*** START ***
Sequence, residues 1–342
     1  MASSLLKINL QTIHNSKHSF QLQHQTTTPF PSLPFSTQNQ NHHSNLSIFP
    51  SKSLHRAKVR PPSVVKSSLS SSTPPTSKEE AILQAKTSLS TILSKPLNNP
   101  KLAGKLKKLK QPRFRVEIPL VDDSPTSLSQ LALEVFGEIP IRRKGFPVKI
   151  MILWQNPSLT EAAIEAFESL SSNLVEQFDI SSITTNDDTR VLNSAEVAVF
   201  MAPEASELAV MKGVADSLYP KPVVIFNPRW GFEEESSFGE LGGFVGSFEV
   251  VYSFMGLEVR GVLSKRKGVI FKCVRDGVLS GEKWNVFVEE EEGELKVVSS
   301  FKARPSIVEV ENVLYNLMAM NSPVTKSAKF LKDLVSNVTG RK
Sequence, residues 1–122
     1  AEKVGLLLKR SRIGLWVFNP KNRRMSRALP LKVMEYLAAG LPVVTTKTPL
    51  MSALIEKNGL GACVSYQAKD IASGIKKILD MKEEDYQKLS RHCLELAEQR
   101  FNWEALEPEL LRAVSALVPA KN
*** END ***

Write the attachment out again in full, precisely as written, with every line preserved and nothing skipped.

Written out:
Sequence, residues 1–342
     1  MASSLLKINL QTIHNSKHSF QLQHQTTTPF PSLPFSTQNQ NHHSNLSIFP
    51  SKSLHRAKVR PPSVVKSSLS SSTPPTSKEE AILQAKTSLS TILSKPLNNP
   101  KLAGKLKKLK QPRFRVEIPL VDDSPTSLSQ LALEVFGEIP IRRKGFPVKI
   151  MILWQNPSLT EAAIEAFESL SSNLVEQFDI SSITTNDDTR VLNSAEVAVF
   201  MAPEASELAV MKGVADSLYP KPVVIFNPRW GFEEESSFGE LGGFVGSFEV
   251  VYSFMGLEVR GVLSKRKGVI FKCVRDGVLS GEKWNVFVEE EEGELKVVSS
   301  FKARPSIVEV ENVLYNLMAM NSPVTKSAKF LKDLVSNVTG RK
Sequence, residues 1–122
     1  AEKVGLLLKR SRIGLWVFNP KNRRMSRALP LKVMEYLAAG LPVVTTKTPL
    51  MSALIEKNGL GACVSYQAKD IASGIKKILD MKEEDYQKLS RHCLELAEQR
   101  FNWEALEPEL LRAVSALVPA KN